A $700 million project to build New Zealand’s first hyperscale data centre near Invercargill is underway, with the region’s cool climate, available land and renewable energy identified as valuable attributes that could make Southland a major hub for the booming global data industry.
Datagrid, headed by Hawaiki Cable founder Remi Galasso and Callplus Ltd founder Malcolm Dick, is planning the construction of a 60 megawatt, 25,000 square metre facility near the town of Makarewa. It is anticipated to scale to a 100 megawatt, 40,000 square metre facility within several years, covering an area of more than five rugby fields and consuming as much power as a town of 80,000 people.
Galasso says the data centre will add value to New Zealand by driving growth, generating employment and supporting the country’s digital economy. In Iceland, where government incentives and renewable energy have attracted data centres for years, they already contribute around 1% of the country’s GDP.
“The only hyperscale data centre currently servicing New Zealand is based in Australia, but Southland’s climate makes it 15% cheaper to power a data centre of this size compared with Australia. These savings, along with New Zealand’s well-educated workforce and long term political stability make Southland highly attractive as a location for global companies to safely store their data,” Galasso says.
Dick says companies like Google, Apple, Facebook, Microsoft and Amazon are committed to powering as many of their data centres as possible from renewable energy. Globally, the demand for data centres is growing so fast that by 2030 they are expected to consume around 8% of the world’s electricity.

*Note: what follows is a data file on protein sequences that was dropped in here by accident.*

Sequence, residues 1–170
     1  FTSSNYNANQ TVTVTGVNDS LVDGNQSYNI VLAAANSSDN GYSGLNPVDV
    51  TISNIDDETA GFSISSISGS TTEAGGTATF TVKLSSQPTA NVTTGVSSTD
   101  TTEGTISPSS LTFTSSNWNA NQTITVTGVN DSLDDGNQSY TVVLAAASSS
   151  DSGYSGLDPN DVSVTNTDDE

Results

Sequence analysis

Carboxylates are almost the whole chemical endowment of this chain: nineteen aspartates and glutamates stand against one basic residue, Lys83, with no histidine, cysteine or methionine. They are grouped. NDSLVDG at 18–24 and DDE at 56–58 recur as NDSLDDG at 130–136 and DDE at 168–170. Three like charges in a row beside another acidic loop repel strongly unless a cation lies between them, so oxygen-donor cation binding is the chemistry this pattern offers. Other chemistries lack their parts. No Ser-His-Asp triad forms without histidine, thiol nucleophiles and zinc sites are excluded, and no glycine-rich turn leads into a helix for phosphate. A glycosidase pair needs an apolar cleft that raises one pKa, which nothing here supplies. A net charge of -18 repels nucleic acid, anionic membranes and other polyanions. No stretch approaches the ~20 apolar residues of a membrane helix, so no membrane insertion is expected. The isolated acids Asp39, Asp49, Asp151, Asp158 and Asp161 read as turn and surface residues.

“Until now, the lack of international connectivity into New Zealand has been a limiting factor for establishing data centres, but with the arrival of the Hawaiki Cable in 2018 that barrier can finally be lifted,” Dick says.
A significant part of the $700m project involves laying a new submarine cable to connect Invercargill directly to the east coast of Australia, a shorter distance than between Auckland and Australia. It also involves laying a domestic festoon cable to connect Invercargill with cities on New Zealand’s east coast.
Galasso says this connectivity will give the data centre access to a serviceable market of around 20 million people across New Zealand, Victoria, New South Wales and parts of Queensland.
Latency between Invercargill Australia will be around 24 milliseconds, well within the upper limit of 35 milliseconds accepted as standard by the industry. Galasso says the country’s remote location is also a competitive advantage, with many companies looking to locate their data away from larger centers which are at greater risk of disruptive events.
Meridian Energy’s General Manager Generation and Natural Resources, Guy Waipara, says the Datagrid project demonstrates how New Zealand’s strong advantage in renewable energy can deliver economic benefits over the long term.
“A low-emissions data centre is a huge opportunity for Southland and all of New Zealand to leverage our abundant clean energy to create high-value jobs and diversify our economy even more into the digital space.
“This project complements the power which will be available from the Manapōuri station after the exit of New Zealand Aluminium Smelters at Tiwai, and it’s great that the demand for it will remain in Southland,” Waipara says.
Note: A Hyperscale Data Center is defined as a data centre of at least 1,000 square metres in size, with an architecture that can easily scale up in response to increasing demand.